Representatives from the Siraya community in Greater Tainan yesterday appealed to the Ministry of the Interior for the restoration of their Aboriginal status, in a continuation of their 2010 lawsuit requesting their inclusion as one of the nation’s officially recognized Aboriginal groups.
Uma Talavan, Cheng-hiong Talavan and Mu Lekun presented their case on behalf of the Tainan Siraya Culture Association at the hearing by the ministry’s Petition and Appeals Committee.
The three Siraya leaders, accompanied by their lawyers, had been the plaintiffs for the association and other Siraya organizations in the case, launched in 2010, to seek official recognition.
However, the courts have ruled against them — first by the Taiwan High Administrative Court in 2011, followed by the Supreme Administrative Court, which rejected its appeal in March.
“We are the original inhabitants of Taiwan. How can this ROC [Republic of China] government deny our existence? The government has no right to deprive us of our identity as Siraya Aborigines,” association director Uma Talavan said.
Together with other Pingpu activists, Uma Talavan has also attended UN meetings and international conferences on Aboriginal rights, receiving support from and forming alliances with global Aboriginal movement groups.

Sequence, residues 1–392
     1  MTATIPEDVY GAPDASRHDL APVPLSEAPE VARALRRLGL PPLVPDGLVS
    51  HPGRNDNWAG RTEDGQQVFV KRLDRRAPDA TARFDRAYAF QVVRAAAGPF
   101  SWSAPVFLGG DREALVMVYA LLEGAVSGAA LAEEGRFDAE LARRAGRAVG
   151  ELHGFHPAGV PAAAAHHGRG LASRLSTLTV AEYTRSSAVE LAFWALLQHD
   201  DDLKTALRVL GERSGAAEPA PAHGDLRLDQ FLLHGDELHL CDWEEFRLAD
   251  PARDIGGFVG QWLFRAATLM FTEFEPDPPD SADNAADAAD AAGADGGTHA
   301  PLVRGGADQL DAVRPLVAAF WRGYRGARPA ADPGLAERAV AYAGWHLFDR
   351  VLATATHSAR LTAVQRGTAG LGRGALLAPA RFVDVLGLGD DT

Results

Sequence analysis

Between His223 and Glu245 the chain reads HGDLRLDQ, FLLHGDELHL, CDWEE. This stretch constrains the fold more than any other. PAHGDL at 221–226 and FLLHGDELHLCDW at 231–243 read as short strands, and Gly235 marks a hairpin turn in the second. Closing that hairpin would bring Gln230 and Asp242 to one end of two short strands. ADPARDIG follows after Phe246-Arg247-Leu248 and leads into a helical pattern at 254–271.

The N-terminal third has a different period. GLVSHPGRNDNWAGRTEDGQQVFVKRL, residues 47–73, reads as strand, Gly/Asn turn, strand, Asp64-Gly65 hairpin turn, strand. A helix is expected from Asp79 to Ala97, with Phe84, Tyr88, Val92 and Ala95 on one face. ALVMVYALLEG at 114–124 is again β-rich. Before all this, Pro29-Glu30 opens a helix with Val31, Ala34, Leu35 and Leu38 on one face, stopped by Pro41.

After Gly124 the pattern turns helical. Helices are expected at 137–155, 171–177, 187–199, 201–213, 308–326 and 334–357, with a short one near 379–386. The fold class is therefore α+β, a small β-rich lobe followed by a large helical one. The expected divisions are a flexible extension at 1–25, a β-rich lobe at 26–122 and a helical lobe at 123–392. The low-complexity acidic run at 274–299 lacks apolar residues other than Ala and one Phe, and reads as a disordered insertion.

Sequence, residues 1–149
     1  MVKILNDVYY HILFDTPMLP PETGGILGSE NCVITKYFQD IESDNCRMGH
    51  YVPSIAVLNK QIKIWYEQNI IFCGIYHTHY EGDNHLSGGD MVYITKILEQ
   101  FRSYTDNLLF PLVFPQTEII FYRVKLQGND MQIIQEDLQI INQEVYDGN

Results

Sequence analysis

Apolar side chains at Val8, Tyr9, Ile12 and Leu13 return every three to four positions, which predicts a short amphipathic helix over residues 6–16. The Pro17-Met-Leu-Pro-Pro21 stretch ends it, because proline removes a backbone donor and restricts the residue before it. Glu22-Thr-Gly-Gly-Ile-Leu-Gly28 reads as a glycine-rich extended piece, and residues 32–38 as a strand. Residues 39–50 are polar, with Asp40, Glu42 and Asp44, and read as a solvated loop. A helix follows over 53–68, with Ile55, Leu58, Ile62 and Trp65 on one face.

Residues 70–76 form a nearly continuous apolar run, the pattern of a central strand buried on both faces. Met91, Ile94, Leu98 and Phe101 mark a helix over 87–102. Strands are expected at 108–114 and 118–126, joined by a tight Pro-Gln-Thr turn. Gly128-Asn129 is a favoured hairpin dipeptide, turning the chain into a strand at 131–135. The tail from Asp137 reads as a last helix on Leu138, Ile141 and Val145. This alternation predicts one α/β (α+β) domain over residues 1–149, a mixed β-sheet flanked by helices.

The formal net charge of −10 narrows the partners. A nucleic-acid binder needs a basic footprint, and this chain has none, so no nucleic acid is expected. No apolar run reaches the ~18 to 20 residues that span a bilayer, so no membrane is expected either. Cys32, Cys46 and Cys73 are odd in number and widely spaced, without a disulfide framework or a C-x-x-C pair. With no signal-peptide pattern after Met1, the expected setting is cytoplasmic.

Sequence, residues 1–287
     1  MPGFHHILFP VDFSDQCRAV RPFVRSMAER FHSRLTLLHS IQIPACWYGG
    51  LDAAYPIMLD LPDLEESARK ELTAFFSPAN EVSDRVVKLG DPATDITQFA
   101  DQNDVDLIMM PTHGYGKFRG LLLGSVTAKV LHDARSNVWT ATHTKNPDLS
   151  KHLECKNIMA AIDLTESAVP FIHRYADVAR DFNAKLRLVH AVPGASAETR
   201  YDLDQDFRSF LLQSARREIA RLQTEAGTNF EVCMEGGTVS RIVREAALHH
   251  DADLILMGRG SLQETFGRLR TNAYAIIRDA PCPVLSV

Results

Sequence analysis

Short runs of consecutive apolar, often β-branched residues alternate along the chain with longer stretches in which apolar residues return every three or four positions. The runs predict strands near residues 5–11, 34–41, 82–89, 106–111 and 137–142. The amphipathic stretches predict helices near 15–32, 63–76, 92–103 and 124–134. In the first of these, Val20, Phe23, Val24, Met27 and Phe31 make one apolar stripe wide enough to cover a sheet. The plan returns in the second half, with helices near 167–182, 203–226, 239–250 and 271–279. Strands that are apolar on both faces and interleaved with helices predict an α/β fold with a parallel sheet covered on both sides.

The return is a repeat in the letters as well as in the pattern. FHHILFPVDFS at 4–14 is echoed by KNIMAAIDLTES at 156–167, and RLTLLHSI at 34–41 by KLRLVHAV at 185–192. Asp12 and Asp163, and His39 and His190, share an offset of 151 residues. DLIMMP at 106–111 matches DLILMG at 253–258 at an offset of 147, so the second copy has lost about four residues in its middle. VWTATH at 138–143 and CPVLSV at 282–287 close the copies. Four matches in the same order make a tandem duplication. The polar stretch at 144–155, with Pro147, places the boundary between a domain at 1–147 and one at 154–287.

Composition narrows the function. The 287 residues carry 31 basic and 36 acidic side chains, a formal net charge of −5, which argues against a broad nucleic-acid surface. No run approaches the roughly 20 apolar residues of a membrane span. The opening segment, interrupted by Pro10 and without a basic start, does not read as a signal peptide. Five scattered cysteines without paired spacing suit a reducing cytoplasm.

The Pingpu are Taiwanese Aborigines originally residing in lowland regions, as opposed to the 16 officially recognized Aboriginal groups who live in the highlands.
“The Council of Indigenous Peoples and the Taiwanese government’s denial of our existence and refusal to recognize our Aboriginal status is morally wrong, and is in violation of human rights and the UN Declaration on the Rights of Indigenous Peoples,” Uma Talavan said.
“It also violates two important rights conventions that the government ratified in 2009 — the International Covenant on Civil and Political Rights, and the International Covenant on Economic, Social and Cultural Rights,” she said.
Ten Pingpu groups are seeking recognition as official Aboriginal groups. These are the Babuza, Hoanya, Kaxabu, Ketagalan, Makatao, Papora, Pazeh, Siraya, Taokas and Tavorlong.
Joseph Lin (林永頌), an attorney representing the Siraya, told the panel that the legal basis for recognition is sound, because the groups have presented historical documents and household registries from the pre-1950s era.
He said the council and the ministry have no right to deny the existence and identity of an ethnic group, especially the Aborigines of the nation.
Chieng-hiong Talavan said that the Siraya and other Pingpu groups were listed as Aborigines on household registries during the Japanese colonial era and the early years of KMT rule up to the 1950s.
“We are just asking for a restoration of our original status. We had the ethnic identity and official registry documents of our family clans as proof of this. It was taken away by the KMT government. We are asking the government to return our original identity and ethnic status that are rightfully ours in the first place,” Chieng-hiong Talavan said.
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